She is considered one of the young guns in the pool – Yesim Giresunlu, or as her friends call her, Yesse. She jumped in the pool at the age of five when her father taught her how to swim – two years later, she joined a swim team and fell in the love with the sport.
“My parents didn’t believe this would last long – they thought three months and that would be it – then she would be done with it,” she says.
Three months and 12 years later, Yesse is still making waves. The sophomore from Istanbul, Turkey says she likes swimming for Old Dominion because of the team aspect.
“At home, swimming is an individual sport, it is all about you, the pressure is on to perform, but here it is more team – you compete as a team – meaning you compete to make the team better – that’s why I love swimming here because I love being a team member.”
How does she react when people say swimming is easy?
“It’s heartbreaking not to be recognized from other people – hey, I’m a swimmer and they look at you and say, oh – okay! And I’m like, no we work so hard for this, you just don’t know.”
Talk about putting in the hours – listen to this – she practices two hours in the morning, two hours in the afternoon, plus weights five days a week.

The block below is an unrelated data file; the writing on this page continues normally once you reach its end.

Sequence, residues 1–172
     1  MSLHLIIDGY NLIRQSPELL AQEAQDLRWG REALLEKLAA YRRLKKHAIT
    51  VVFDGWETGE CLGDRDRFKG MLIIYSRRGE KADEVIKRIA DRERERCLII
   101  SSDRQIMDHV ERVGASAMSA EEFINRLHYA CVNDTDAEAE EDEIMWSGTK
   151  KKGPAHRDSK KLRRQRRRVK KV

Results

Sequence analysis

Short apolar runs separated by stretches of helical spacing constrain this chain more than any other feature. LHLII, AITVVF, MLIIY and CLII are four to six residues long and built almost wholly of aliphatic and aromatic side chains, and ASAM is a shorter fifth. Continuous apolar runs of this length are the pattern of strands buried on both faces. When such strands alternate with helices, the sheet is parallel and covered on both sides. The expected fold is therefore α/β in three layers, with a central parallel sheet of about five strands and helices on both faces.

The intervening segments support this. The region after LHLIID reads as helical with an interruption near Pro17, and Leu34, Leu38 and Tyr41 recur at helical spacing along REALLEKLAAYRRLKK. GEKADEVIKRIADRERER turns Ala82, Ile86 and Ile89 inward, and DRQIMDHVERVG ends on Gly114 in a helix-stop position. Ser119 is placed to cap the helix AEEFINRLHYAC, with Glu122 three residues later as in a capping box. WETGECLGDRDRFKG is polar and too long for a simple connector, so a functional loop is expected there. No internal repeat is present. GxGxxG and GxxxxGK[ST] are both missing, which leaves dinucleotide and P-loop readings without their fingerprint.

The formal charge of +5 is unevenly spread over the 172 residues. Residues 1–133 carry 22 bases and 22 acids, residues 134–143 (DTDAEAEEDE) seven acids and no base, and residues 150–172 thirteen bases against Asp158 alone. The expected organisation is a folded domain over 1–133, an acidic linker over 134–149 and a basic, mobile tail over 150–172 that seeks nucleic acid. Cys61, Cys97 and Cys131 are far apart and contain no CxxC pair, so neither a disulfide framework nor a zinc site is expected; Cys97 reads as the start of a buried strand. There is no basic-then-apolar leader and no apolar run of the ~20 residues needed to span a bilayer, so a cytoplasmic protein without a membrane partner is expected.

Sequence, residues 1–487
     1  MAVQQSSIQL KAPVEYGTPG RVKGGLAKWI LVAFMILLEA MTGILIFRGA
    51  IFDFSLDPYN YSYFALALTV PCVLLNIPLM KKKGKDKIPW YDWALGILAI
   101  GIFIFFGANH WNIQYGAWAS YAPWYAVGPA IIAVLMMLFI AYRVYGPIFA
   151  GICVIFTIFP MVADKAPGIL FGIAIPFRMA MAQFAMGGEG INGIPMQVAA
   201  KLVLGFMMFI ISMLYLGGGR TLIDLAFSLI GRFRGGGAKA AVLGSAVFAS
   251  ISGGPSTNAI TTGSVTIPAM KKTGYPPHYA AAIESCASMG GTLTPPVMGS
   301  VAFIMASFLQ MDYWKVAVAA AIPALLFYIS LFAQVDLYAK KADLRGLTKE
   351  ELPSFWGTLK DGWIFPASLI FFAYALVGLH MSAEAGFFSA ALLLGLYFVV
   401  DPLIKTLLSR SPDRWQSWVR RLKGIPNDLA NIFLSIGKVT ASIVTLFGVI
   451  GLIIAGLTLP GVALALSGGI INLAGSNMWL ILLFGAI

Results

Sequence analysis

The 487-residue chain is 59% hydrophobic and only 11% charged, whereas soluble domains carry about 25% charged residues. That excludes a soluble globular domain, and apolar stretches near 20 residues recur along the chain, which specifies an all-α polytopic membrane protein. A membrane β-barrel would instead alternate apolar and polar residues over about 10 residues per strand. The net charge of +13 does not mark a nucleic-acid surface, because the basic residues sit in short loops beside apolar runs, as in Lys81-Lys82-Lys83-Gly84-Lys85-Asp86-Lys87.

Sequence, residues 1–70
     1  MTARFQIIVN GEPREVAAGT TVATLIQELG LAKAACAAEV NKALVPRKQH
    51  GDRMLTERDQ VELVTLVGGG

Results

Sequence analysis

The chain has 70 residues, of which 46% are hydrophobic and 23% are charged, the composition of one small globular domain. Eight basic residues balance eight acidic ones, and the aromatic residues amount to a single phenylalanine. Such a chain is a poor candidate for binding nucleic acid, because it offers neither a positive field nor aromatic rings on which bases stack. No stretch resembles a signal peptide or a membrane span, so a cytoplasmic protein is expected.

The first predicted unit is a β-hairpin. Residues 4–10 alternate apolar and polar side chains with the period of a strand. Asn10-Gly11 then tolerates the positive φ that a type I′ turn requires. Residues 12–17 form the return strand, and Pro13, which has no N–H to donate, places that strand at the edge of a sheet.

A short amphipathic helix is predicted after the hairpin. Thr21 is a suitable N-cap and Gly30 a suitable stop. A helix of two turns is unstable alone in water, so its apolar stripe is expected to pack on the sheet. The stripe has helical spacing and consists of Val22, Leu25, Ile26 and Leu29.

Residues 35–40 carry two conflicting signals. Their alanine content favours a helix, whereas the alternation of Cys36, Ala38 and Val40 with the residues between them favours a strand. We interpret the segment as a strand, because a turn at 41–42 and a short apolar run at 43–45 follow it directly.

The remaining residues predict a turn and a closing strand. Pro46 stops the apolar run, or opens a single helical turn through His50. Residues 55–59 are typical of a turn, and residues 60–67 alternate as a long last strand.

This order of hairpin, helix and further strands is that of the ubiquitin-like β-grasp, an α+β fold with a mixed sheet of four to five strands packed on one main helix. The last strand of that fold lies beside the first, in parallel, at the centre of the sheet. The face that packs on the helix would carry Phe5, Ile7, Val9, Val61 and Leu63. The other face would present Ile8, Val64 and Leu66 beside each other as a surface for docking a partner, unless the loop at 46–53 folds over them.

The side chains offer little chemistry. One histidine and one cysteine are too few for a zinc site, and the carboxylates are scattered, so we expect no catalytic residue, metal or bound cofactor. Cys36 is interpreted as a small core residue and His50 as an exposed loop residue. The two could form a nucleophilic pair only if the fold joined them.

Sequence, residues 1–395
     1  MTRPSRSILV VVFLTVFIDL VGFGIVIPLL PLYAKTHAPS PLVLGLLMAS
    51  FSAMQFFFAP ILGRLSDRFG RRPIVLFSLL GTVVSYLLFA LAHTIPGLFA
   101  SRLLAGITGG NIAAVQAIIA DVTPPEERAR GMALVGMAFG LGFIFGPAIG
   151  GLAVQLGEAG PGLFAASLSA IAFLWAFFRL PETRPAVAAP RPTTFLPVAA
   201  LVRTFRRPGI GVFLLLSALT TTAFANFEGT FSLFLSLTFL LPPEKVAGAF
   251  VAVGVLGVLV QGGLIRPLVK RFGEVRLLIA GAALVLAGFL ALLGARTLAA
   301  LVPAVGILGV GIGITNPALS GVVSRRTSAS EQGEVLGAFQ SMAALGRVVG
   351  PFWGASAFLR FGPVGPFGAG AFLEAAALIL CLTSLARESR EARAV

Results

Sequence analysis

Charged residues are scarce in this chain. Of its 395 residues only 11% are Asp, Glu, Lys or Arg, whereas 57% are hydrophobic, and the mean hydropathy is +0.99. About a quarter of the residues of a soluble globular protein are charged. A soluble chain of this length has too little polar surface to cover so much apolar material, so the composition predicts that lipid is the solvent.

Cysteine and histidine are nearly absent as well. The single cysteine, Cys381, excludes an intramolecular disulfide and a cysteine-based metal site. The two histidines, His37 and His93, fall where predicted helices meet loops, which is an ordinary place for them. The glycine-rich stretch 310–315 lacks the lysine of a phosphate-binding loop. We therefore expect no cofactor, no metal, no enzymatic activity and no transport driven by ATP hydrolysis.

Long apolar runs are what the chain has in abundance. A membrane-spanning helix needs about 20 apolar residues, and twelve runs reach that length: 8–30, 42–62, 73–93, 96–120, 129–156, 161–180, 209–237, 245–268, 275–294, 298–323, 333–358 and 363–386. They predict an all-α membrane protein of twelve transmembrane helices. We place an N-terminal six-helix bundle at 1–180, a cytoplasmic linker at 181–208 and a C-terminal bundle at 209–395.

Still not convinced? Try jumping in the pool and do 66 laps . . . then do it under 17 minutes – that comes out to 15 seconds a lap. Yesse can – in fact, she set the Old Dominion record for the 1650 freestyle. Setting records is not the reason she puts in 20 hours of practice in the pool – it’s to beat her own time.
“That’s the challenge of swimming – you have to get prepared – you have to be prepared at all times – you have to give 100 percent because if you only give 99 percent then you will not make your time.”
Time is her competitor – and as a reminder – her record breaking time is posted on the wall in the pool.
“Definitely flattering to see your name on the record board and know how hard you worked to get on the board – I like it – it is definitely a motivator for me to beat my time next time out.”
Does she ever just stare at the board?
“A couple of time – I glance at it – I get a smile – and say, yeah that’s me.”
The school records are not the only ones with her name on it – she set multiple records for her home country in the 400, 800, and 1500 free.
She hasn’t been back home in almost a year. She misses spending time with her parents and eating Turkish food, but she counts on her team to fill that void.
“We are like family – if one has a bad day – we all have a bad day – if one breaks a record – we all break a record – that’s the best part of being part of this ODU swim team.”